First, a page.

Catalytic Heaters - Page 2 - Fiberglass RV


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Old 08-24-2014, 11:54 AM   #15
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Steve, to be honest, when I am going to sleep with my propane furnace running, I still open the window next to my head....call it paranoia but better then waking up dead
Derek ,We do the same and open the roof vent and a window a little ways even though our furnace is vented . The problem I see is that carbon monoxide weighs about the same as fresh air and just opening the roof vent still allows monoxide to build up in the trailer . There is a reason monoxide detectors are placed close to the floor and smoke detectors are paced on the ceiling or high on a wall. Relying on the low oxygen sensor to save your life IMHO is a risky gamble.
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Old 08-24-2014, 01:01 PM   #16
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Before installing any propane devices not installed by the manufacturer you might want to read what RVIA has to say. LINK
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Old 08-24-2014, 08:05 PM   #17
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That RVIA page pretty much sez it all:
Fuel burning appliances must be listed for RV use and labeled by a nationally recognized testing agency that has found the product to be suitable for its intended use.
Sealed combustion and direct venting to the outside is required for all propane appliances, except for gas ranges, to provide for a complete separation of the combustion chamber from the interior atmosphere.
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Old 08-26-2014, 11:01 AM   #18
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I wonder if the fact that a catalytic heater technically is not a combustion appliance affects how the regulations apply to them.
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Old 08-26-2014, 11:09 AM   #19
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Originally Posted by David Tilston View Post
I wonder if the fact that a catalytic heater technically is not a combustion appliance affects how the regulations apply to them.

com·bus·tion
kəmˈbəsCHən/
noun
noun: combustion
  1. the process of burning something.
    "the combustion of fossil fuels"
    synonyms:burning; Morekindling, ignition
    "the combustion of fossil fuels"




    • Chemistry
      rapid chemical combination of a substance with oxygen, involving the production of heat and light.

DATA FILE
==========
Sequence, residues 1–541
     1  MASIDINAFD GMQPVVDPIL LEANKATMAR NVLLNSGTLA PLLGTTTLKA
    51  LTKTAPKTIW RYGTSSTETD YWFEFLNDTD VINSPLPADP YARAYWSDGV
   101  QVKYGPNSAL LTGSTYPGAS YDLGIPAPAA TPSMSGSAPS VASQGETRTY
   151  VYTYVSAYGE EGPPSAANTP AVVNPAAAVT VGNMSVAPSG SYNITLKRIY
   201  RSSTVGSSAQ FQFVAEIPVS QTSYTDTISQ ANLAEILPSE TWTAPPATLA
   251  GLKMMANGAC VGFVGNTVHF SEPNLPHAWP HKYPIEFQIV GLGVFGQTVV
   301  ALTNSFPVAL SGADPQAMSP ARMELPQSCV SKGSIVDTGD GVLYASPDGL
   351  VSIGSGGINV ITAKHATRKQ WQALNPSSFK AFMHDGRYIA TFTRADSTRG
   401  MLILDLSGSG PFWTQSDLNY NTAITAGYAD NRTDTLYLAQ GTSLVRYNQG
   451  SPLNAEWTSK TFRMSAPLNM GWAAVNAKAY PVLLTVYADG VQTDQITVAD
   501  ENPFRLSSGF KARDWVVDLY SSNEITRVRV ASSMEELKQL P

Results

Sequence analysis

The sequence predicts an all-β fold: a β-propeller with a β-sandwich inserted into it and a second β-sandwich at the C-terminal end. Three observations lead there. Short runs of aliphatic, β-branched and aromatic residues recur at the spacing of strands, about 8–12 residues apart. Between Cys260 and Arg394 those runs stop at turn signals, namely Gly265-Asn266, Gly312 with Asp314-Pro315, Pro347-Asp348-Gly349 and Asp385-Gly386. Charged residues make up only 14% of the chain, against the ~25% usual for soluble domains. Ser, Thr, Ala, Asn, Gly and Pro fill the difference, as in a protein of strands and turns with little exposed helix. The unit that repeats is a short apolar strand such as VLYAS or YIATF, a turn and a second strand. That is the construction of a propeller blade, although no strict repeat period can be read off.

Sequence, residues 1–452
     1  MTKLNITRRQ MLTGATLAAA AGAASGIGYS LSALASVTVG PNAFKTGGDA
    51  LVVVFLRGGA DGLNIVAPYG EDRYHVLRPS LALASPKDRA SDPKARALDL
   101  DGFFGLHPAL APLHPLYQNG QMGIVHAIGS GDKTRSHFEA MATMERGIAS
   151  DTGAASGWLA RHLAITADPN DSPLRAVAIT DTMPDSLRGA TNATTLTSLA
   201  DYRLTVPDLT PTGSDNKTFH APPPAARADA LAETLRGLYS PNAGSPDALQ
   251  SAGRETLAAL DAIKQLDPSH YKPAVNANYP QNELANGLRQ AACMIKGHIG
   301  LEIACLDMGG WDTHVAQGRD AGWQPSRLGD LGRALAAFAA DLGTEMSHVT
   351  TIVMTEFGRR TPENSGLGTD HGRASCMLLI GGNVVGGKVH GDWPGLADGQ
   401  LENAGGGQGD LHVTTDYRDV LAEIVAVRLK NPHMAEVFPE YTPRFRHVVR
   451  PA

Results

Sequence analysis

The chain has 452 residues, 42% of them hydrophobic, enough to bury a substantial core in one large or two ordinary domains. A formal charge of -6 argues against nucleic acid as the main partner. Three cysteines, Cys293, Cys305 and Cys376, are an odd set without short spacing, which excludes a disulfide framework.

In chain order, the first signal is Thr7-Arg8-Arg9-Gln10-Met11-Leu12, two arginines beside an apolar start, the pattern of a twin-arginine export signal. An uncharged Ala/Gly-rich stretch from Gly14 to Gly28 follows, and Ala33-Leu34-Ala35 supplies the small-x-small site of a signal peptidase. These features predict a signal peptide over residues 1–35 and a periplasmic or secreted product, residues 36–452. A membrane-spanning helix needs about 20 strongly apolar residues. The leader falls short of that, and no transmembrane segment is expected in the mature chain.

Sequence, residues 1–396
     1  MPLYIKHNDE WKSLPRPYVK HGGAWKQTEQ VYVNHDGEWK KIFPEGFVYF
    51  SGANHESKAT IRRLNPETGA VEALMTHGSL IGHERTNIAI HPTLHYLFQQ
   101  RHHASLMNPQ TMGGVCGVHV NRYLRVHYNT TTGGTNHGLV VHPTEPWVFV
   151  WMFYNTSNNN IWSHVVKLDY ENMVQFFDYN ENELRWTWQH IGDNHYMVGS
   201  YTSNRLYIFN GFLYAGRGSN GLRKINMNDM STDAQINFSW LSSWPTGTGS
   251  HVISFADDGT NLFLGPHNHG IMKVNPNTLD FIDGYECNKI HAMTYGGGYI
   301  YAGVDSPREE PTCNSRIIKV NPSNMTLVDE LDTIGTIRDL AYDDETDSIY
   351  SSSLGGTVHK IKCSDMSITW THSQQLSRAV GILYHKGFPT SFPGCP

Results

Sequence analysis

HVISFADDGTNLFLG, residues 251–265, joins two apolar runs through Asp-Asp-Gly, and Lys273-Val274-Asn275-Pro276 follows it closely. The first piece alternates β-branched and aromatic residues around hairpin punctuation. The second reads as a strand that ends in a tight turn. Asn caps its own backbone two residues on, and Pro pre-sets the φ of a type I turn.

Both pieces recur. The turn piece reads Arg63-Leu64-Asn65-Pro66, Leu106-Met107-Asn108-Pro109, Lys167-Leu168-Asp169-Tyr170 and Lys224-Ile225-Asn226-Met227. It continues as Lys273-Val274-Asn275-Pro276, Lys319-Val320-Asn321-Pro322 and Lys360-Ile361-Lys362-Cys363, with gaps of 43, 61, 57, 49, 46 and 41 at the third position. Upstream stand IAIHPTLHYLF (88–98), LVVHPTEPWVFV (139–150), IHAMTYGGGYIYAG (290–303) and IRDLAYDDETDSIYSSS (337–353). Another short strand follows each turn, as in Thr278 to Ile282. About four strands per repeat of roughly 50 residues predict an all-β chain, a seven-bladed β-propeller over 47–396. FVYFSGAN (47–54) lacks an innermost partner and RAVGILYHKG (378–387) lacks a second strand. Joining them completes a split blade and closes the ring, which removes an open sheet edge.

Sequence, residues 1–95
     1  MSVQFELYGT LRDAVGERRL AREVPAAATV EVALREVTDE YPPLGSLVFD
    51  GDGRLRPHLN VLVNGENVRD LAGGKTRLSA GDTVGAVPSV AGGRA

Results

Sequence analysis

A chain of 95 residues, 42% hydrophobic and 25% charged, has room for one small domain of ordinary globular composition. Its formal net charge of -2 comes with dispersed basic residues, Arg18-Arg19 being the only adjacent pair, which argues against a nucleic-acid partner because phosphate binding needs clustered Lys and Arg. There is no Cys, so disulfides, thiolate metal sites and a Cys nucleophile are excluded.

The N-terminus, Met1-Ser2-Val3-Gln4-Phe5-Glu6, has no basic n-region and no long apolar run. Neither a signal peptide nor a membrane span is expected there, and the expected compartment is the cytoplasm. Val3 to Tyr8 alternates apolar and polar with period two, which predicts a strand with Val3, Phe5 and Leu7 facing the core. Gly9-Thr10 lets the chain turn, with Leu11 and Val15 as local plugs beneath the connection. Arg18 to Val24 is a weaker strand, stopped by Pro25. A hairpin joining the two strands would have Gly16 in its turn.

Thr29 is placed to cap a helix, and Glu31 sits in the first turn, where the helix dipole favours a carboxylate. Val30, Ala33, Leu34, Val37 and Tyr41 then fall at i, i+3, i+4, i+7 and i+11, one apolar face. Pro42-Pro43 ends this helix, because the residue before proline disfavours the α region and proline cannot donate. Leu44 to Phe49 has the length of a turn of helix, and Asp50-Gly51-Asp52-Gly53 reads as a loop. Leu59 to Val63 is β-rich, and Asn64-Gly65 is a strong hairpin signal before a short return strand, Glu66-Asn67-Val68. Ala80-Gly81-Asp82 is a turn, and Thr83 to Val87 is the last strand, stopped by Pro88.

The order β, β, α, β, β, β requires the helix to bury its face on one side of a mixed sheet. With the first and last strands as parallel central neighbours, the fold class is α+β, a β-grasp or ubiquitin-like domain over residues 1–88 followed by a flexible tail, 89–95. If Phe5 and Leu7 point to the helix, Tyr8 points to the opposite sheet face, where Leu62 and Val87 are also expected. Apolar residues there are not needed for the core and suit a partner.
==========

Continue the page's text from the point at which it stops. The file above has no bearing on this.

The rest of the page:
Origin
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Old 08-26-2014, 11:14 AM   #20
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Byron, I am not sure what you are trying to get at, but I suspect that you disagree with my last statement.

The reason it is not "combustion" is that it happens at a much lower temperature, below ignition temperature. This is why a catalytic heater is allowed in a class 1 div 1 hazardous area. It can't start a fire, therefor it is not combustion.
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Old 08-26-2014, 11:16 AM   #21
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Originally Posted by David Tilston View Post
Byron, I am not sure what you are trying to get at, but I suspect that you disagree with my last statement.

The reason it is not "combustion" is that it happens at a much lower temperature, below ignition temperature. This is why a catalytic heater is allowed in a class 1 div 1 hazardous area. It can't start a fire, therefor it is not combustion.
READ definition #2....
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Old 08-26-2014, 11:16 AM   #22
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Correct me if I'm wrong but the RIVA is a voluntary association of manufactures. Not a legal code. Not to say it is not an important piece of information to consider just that it does not go to the legal aspect of installation.
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Old 08-26-2014, 11:18 AM   #23
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Description of how catalytic heaters work..

Pay close attention to the By Products section.
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Old 08-26-2014, 11:19 AM   #24
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Correct me if I'm wrong but the RIVA is a voluntary association of manufactures. Not a legal code. Not to say it is not an important piece of information to consider just that it does not go to the legal aspect of installation.

You're correct until the lawyers get a hold of it. Then look out.
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Old 08-26-2014, 11:41 AM   #25
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A fairly good explanation can be found here:
Gas Catalytic Heater Operation - Vulcan Catalytic Systems

While this can be called combustion, it is very different than an open flame.
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